Pope Francis and Shaikh Ahmad Al Tayyeb exchange a joint statement on ‘human fraternity’ after an interfaith meeting at the Founder’s Memorial in Abu Dhabi. Image Credit: AP

Dubai: Papal visits swirl past in a haze of exchanged beatitudes and photo-ops, but Monday’s signing of the Declaration of Human Fraternity at the Founder’s Memorial in Abu Dhabi will long stand apart for its significance.

According to Pope Francis himself, the document was verified by the Second Vatican Council that acknowledged Islam only in 1965. The historic 12-point pledge of peaceful coexistence speaks in the name of “all victims of wars, persecution and injustice” in order to avoid “a Third World war being fought piecemeal,” the document stated.

The document — a message for our time — to be circulated internationally among the world’s highest powers, said it will become an “object of research and reflection in all schools, universities and institutes of formation, in helping to educate new generations to bring goodness and peace to others.

“On the basis of our religious and moral responsibility, and through this document, we call upon ourselves, upon the leaders of the world as well as the architects of international policy and world economy, to work strenuously to spread the culture of tolerance and of living together in peace,” the document added.

“We call upon intellectuals, philosophers, religious figures, artists, media professionals and men and women of culture in every part of the world, to rediscover the values of peace, justice, goodness, beauty, human fraternity and coexistence in order to confirm the importance of these values as anchors of salvation for all, and to promote them everywhere.”

Its highlights, as “a guide for future generations” to advance a “culture of mutual respect” were the imploring of all nations to allow freedom of worship, the denouncement of extremism, and the non-politicising of faith, while protecting the equal rights of women, children and the elderly, to ensure a better future.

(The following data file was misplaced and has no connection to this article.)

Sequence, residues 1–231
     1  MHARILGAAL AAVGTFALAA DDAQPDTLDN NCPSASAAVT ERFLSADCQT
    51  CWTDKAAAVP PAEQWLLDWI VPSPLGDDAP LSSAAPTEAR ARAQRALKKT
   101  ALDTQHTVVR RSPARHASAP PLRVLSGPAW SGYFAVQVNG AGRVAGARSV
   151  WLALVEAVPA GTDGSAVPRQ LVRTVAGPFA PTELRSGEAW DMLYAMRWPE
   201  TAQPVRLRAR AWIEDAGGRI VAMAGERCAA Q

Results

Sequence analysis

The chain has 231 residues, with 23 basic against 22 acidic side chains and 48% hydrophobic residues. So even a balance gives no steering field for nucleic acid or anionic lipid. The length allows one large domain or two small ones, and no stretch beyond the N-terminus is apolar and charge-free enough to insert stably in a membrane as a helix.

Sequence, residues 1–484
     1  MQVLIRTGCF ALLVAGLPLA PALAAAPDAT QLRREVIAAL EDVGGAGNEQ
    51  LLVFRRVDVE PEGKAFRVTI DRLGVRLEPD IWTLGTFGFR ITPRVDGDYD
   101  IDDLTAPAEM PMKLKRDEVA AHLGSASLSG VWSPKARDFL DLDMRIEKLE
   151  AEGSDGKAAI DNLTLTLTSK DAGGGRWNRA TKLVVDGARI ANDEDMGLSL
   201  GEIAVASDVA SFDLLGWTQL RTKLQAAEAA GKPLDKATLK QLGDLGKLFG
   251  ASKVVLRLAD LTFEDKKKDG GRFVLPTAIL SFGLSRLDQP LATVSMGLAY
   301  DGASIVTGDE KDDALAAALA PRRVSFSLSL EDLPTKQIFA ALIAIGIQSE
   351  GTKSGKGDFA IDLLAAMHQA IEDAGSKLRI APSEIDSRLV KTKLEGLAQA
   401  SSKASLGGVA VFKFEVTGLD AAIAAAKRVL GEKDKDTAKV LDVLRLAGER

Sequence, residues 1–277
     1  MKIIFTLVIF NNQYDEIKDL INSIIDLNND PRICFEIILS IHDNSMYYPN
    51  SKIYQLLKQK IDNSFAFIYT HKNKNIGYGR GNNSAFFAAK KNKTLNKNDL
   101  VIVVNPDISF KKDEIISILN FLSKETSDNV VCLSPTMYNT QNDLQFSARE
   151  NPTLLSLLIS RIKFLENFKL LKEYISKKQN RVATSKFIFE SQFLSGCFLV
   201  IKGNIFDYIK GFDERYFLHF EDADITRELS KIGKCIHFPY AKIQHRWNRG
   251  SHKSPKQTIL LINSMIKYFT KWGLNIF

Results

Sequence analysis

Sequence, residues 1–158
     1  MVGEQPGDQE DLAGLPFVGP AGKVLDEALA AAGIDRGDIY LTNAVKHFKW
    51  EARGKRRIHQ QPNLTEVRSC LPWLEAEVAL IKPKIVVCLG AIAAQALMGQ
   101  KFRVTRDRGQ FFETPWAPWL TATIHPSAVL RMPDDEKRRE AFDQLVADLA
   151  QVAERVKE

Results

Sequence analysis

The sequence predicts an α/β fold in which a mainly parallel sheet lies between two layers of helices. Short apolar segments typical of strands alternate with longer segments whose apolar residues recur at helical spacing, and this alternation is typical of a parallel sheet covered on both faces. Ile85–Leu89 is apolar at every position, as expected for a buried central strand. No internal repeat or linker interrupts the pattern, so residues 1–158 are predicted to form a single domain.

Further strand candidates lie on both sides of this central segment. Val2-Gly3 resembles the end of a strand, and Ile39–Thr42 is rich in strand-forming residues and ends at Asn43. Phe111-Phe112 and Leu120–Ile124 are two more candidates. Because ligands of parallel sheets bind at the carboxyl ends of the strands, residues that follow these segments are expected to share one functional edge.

“Either we build the future together or there will be no future,” warned Pope Francis at the at the Founder’s Memorial on Monday evening.

“The time has come when religions should more actively exert themselves, with courage and audacity, and without pretence, to help the human family deepen the capacity for reconciliation, the vision of hope and the concrete paths of peace,” he said on the second day of his three-day trip — the first of its kind by a pontiff to the Arabian Peninsula — which wrapped up on Tuesday.

It was significant, not only because of who was saying it, the head of an institution that up until 54 years didn’t even recognise Islam — but also, where he was saying it, and who he was standing alongside when he said it.

Dr Ahmad Al Tayyeb, the Grand Mufti of Al Azhar, the highest authority in Sunni Islam, can speak for both sides amid the world’s current complexities, not only on the false interpretation of faith by dark forces, but also the impact its wrongful demonisation has had on this region since the 9/11 terrorism attacks.

“Western media exploited the incident to show Islam negatively as a blood thirsty religion, and to show Muslims as savage barbarians who pose a danger and threat to modern societies,” he said in a speech at the memorial.

Of the terrorists themselves, he added: “No matter what religion or notion those groups follow, who their victims are, or what land their crimes are committed on, they are murderers and butchers, who are assaulting God’s messages.”

In the presence of His Highness Shaikh Mohammad Bin Rashid Al Maktoum, Vice-President and Prime Minister of the UAE and Ruler of Dubai, and His Highness Shaikh Mohammad Bin Zayed Al Nahyan, Abu Dhabi Crown Prince and Deputy Supreme Commander of the UAE Armed Forces, this was a powerful condemnation.

The sort that puts the UAE at the forefront of a mission for greater unity and understanding, even while conflict rages on in the region.

“We are delighted that it is signed in the UAE, the heaven of peace, interfaith-tolerance and human fraternity,” Shaikh Mohammad Bin Rashid said of the document.

Shaikh Mohammad Bin Zayed, said on the departure of both religious leaders: “Their visit was a landmark in the development of human relations and dialogue between different cultures. We are all partners in promoting tolerance, love and harmony among the people of the world.”